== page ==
British attitudes have hardened against development, even in the midst of economic recession and with the promise of new jobs that such projects can bring, reports the latest UK Saint Index©, the annual survey on public attitude to property development.
Overall general opposition to development may have reached a plateau at 85% of the population, but Britain’s hardcore contingent of active NIMBYs (those that have actually objected to a development project in the last year) has increased to 21% of the population.
“NIMBYism is hardening in Britain,” said Nick Keable, UK Vice President of The Saint Consulting Group. “Although it is possible we may have reached the high water mark for general opposition, those that are against development are becoming more aggressively active in opposing schemes nationwide. And it’s bad news for everyone involved: the property industry, developers, central Government and local authorities.”
In the only survey of its kind, the UK Saint Index© questioned 1,000 people throughout the UK in January and February 2009. Please consult the separate Headline Results for more details. The top 10 findings are:
- NIMBYism has potentially peaked at 85% (2008 – 86%, 2007 – 83%, 2006 – 84%) but hardened NIMBYs have increased from 13% in 2007, to 17% in 2008 and now to 21% in 2009. Meanwhile, active support for development continues to plateau at 6%
- Despite economic hard times, 51% of the public believe that planning gain packages should not be reduced to help improve project viability
- In the NIMBY Approval Rating, wind power is one bright spot on the development front. Wind farms are the second most popular project with 23% support, behind schools at 43%, but ahead of private housing (19%), new roads (17%) and convenience food (12%). People are now less opposed (but still negative) towards supermarkets but more opposed to power stations and quarries
- Private residential projects are most actively opposed (51% compared to 40% last year), for consistent reasons – traffic 25%, protection of green space/ environment 23%, protecting community character 21%, proximity to one’s home 17% and protecting one’s property value 5%
- Government housing targets continue to take a pounding. 74% now believe three million homes by 2020 is unrealistic and eco-towns are seen as the most ineffective way to tackle the housing crisis
- Heathrow is the least favourite location for further airport development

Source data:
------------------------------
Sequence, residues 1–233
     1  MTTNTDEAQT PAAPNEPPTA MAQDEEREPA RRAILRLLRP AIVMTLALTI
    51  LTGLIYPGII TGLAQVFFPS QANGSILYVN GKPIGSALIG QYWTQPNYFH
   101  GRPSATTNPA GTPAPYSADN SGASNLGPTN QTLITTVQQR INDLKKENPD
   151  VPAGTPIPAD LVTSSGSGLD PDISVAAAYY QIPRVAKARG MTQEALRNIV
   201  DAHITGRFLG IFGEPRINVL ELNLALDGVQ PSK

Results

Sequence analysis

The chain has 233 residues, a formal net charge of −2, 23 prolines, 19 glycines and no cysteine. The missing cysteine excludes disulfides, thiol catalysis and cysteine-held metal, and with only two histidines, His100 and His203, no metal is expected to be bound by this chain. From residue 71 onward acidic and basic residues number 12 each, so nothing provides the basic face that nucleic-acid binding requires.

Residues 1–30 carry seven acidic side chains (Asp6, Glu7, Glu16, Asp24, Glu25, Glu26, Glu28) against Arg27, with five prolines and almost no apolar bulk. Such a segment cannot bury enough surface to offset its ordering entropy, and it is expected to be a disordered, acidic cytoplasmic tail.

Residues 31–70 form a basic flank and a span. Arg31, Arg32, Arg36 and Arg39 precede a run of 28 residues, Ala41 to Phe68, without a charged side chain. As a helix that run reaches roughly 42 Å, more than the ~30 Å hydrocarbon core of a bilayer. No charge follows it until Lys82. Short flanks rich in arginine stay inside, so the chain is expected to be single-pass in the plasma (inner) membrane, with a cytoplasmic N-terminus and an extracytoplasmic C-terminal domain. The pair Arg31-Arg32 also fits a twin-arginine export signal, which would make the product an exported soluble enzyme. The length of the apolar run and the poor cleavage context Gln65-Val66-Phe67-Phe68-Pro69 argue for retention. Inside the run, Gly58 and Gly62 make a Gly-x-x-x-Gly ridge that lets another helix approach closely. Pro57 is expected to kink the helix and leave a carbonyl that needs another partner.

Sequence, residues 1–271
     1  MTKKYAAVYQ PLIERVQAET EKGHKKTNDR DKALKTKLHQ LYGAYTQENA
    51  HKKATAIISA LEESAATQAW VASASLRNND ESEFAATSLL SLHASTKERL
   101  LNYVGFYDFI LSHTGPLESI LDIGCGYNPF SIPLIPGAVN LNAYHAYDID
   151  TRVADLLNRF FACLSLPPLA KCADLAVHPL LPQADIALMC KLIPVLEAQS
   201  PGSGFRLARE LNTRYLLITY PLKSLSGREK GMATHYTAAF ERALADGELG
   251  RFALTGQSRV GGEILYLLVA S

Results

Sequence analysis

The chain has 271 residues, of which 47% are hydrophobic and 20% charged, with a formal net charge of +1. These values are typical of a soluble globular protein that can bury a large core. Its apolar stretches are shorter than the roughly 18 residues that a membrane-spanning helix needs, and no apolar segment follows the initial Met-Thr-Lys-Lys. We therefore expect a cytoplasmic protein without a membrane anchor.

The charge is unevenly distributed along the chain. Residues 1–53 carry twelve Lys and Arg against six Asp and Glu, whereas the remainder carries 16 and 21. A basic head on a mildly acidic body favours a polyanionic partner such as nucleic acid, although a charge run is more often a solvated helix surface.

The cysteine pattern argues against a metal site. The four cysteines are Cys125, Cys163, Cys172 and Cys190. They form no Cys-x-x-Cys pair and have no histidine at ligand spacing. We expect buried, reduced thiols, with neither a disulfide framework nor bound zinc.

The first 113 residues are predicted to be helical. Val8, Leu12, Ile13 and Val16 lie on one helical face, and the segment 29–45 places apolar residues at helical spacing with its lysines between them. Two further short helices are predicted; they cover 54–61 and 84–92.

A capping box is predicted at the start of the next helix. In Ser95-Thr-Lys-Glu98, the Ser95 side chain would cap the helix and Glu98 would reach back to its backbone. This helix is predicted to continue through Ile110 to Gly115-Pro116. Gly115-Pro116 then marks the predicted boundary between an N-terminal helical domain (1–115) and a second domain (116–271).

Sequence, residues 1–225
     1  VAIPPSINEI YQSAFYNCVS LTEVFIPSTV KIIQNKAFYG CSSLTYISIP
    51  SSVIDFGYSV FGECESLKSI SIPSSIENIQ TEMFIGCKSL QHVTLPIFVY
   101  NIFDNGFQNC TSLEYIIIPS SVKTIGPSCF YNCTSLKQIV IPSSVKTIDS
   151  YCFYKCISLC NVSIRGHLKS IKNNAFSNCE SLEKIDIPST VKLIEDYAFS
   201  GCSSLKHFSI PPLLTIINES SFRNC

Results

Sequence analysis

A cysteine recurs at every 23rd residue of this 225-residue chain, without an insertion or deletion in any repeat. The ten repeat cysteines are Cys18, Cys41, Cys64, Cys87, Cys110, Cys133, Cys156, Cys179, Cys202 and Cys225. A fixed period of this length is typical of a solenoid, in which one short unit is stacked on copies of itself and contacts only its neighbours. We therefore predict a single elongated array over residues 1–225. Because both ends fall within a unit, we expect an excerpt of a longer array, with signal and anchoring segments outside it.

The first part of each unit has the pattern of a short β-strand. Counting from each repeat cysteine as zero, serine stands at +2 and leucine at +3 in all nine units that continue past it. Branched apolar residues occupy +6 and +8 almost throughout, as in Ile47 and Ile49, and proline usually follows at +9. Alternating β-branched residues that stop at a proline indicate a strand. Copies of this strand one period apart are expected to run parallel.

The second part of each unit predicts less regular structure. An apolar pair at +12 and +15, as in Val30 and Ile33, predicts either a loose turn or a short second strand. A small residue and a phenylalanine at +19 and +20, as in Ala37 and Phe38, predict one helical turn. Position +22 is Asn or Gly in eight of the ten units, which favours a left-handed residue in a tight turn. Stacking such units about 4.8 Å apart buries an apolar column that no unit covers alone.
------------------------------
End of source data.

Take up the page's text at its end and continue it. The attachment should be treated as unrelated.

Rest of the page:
- This has been a better year for food retailers. Convenience food store development has become more popular and, whilst still viewed negatively, supermarkets have also climbed up the NIMBY Approval Rating. However, the public clearly supports the Competition Commission’s attempts to introduce the facia test with a clear 65% majority
- The public seems confused about the new Infrastructure Planning Commission. Most say decisions on such projects should be made locally, not nationally, but should be made by experts, not elected politicians. At the same time, the Government’s new Community Infrastructure Levy lacks clear-cut public support. While 55% say they would support a new tariff-based system, 65% still support a case by case negotiation between councils and developers
- In advance of the local elections in June, councillors should beware: 71% of people are not satisfied with their council’s performance on planning, compared to 65% in 2008. In addition, half the population think community views are not listening to adequately in the planning process, while only 25% think they are
Mike Saint, Chairman and CEO of Saint Consulting, commented:
“The UK is by far the most opposed to development based in our regular surveys across the US, Canada and the UK, and curiously the British public is far less inclined to help developers in the throes of economic recession. While there are differences in culture, land values and economic cycles, the issues remain the same: a growing tide of NIMBYism is frustrating all manner of property development and thus hurting economic growth.”
Notes to Editors:
Nick Keable is available for interviews at MIPIM in Cannes, 10-12 March, and in London during 16-20 March. Contact Paul Mindus at Saint Consulting (firstname.lastname@example.org or 07990 56 8667).
The Saint Consulting Group began operations in 1983 and today is the global leader in land use political consultancy. Saint has 10 offices around the US and international offices in London and Toronto. As management consultants specialising in land use politics, Saint Consulting provides political campaign expertise to win complex or controversial planning decisions. Among the property sectors that use its services are: residential, retail, commercial, quarrying and mining, windfarms, oil refineries, nuclear, rail freight, hospitals, waste and mixed-use.
The UK Saint Index© annually quantifies and tracks the politics of land use, spotlighting who actively opposes and supports real estate projects and why.
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